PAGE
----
By now, you’ve probably heard of the front-yard book-sharing phenomenon known as Little Free Libraries. While the “take a book, leave a book” idea is wonderful for literacy and community, strange and unbelievable tomes (in the sense that it's a little mind-boggling that they were ever published) end up in these micro-libraries.
In the interest of unearthing these rare titles, we went around to LFLs across the Twin Cities and photographed the most spectacularly peculiar books we could find. Only one of the publications on this list has more than a couple hard copies available in the Hennepin County Library system. Most have none.
(Side note: We’re excluding books and pamphlets promoting any religion in this list. Most of them are certainly strange in design, content, and vibe, but let’s keep the home-printed guides about how not to burn in hell out of LFLs, okay?)
Here are the 10 most bizarre books we found in Little Free Libraries:
Some might think a story combining Dracula and Jesus' birthday is a bit excessive. But A Vampire for Christmas goes above and beyond. What you’re looking at is no less than four stories by four different authors about vampires at Christmas. Oh, and they’re also “sexy” stories, of course.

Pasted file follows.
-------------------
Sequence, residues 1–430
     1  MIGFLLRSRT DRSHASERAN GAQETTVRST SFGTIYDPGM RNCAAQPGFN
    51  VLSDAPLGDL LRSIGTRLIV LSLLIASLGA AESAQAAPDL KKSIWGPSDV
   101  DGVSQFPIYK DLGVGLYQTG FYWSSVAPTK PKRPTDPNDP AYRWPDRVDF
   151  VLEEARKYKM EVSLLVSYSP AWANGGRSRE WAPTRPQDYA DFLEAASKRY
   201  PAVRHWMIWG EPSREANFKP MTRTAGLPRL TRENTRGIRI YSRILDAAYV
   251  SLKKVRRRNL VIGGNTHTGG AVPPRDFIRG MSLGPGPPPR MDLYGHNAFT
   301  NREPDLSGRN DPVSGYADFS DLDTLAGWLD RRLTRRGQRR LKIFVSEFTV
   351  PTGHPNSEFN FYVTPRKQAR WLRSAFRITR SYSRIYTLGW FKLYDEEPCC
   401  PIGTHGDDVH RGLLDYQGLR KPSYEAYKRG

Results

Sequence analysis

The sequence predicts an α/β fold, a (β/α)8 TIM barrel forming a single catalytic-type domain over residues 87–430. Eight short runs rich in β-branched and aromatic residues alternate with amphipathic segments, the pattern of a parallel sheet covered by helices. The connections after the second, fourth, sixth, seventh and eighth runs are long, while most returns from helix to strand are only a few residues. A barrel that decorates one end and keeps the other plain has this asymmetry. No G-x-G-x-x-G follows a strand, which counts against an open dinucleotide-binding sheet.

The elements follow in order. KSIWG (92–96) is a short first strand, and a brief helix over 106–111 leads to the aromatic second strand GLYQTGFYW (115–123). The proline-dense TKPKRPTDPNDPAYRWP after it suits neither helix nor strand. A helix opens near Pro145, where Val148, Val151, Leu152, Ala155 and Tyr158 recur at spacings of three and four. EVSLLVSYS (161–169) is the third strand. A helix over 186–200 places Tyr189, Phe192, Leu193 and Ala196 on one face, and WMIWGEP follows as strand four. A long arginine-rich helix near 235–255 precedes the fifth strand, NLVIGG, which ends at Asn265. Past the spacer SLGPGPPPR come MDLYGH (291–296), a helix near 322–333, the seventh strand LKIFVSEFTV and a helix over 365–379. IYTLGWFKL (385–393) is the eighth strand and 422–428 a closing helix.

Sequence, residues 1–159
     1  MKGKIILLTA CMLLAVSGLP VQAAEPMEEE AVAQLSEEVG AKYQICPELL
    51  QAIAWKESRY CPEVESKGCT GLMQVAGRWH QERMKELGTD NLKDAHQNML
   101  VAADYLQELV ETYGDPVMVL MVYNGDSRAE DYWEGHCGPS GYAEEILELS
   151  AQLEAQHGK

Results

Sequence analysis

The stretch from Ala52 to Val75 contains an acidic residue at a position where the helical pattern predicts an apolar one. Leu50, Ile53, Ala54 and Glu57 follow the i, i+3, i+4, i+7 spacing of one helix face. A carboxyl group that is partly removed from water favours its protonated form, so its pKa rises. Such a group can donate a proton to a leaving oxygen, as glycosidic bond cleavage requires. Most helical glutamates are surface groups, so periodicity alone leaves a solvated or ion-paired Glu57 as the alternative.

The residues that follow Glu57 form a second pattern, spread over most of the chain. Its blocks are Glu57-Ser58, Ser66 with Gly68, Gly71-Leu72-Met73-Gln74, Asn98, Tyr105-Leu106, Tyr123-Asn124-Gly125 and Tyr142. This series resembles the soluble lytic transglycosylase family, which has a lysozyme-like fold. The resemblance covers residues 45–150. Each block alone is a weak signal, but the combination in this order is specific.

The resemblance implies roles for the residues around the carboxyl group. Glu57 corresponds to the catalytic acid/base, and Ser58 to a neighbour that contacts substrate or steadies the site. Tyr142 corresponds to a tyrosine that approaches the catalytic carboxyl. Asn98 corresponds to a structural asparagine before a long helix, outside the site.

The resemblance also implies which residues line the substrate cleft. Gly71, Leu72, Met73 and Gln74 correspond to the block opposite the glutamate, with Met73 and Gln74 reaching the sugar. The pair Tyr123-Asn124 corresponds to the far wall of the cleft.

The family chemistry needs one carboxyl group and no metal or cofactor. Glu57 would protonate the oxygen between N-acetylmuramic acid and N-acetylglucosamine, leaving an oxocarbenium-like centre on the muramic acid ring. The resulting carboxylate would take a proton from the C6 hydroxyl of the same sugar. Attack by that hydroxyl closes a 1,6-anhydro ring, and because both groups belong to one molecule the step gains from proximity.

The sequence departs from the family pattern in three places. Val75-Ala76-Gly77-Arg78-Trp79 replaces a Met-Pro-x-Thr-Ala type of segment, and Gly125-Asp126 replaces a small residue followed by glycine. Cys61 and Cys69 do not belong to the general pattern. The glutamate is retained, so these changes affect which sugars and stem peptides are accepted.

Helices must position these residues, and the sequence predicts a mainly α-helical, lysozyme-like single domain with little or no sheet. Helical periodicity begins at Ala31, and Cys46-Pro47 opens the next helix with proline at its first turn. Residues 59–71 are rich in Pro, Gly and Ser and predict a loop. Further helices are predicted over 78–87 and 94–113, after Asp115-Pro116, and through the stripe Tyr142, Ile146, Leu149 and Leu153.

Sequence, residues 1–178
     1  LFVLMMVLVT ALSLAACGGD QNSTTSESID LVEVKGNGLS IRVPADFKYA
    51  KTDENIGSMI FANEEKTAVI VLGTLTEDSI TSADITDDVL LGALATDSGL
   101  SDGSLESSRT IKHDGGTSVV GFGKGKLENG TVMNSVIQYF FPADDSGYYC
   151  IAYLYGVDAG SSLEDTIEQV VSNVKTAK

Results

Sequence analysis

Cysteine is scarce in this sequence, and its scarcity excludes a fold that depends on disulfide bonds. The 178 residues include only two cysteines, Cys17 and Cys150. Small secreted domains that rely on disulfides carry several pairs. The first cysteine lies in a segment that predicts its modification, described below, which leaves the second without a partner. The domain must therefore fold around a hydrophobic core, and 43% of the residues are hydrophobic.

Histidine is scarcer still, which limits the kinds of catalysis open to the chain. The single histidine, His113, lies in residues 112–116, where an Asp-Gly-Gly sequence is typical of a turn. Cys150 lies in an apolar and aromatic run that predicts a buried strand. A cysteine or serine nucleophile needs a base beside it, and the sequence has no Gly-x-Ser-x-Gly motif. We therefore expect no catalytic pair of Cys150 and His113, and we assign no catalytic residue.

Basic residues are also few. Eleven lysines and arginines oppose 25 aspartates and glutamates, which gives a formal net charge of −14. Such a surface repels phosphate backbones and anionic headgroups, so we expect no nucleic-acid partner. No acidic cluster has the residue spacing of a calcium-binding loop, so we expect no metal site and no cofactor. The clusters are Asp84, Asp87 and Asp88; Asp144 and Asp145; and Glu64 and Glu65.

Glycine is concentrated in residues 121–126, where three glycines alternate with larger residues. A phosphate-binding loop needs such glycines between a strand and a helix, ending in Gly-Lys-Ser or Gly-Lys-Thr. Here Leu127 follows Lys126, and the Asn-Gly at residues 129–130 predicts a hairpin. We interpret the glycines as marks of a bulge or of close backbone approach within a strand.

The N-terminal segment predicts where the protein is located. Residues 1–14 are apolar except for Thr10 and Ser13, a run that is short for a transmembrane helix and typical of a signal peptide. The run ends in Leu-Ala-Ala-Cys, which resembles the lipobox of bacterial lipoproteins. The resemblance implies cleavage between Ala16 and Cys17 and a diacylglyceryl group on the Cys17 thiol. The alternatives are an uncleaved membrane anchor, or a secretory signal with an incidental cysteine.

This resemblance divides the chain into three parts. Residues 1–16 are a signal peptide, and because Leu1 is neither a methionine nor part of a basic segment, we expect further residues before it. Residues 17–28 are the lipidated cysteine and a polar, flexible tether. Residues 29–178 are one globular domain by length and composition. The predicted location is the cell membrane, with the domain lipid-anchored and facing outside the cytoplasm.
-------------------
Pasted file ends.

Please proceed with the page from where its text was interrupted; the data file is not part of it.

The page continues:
Neighborhood: East Bloomington
In case you hadn’t noticed, the bottom quote reads: “If you’re planning to be alive in the year 2000, you’ve got to read this book.” It came out in 1991. Way to bum out the elderly, Ms. Popcorn.
On its own, this book looks normal enough. Found in a Little Free Library in front of an elementary school? Someone in the neighborhood is a passive aggressive world champion.
As opposed to the book about plants that bloom indoors written by a couple of liars.
Now here is a gem. This Nickelodeon television show doesn’t have the nostalgia power of Disney Channel counterparts like Even Stevens or Lizzie McGuire, and isn’t recent enough for today’s youth to have any interest. Thus, Jamie Lynn Spears will most likely sit quietly in this LFL forever.
Neighborhood: St. Anthony West
It turns out Worlds of Power is a book series based on Nintendo games. But, as the inside cover states in bold: “not authorized, sponsored, or endorsed by Nintendo of America Inc.” Bonus: The last page includes an entry form for a “Nintendo Game Boy Compact Video Game System” giveaway. You might as well send it in and see what happens.
Red Scare propaganda for only a quarter!
The Minnesota Historical Society reprinted Carley’s historical text in 2006 with a new cover and images from their extensive collections. It seems this original version with the Rodeo Clown font and Photoshop hack job didn’t stand the test of time.
Creekside Library never wants to see Savage Enchantment again.
Of course this exists. Look for the reprint at your local Urban Outfitters.
Have you found something even more weird? Tell us in the comments so everyone can put it on their book club list.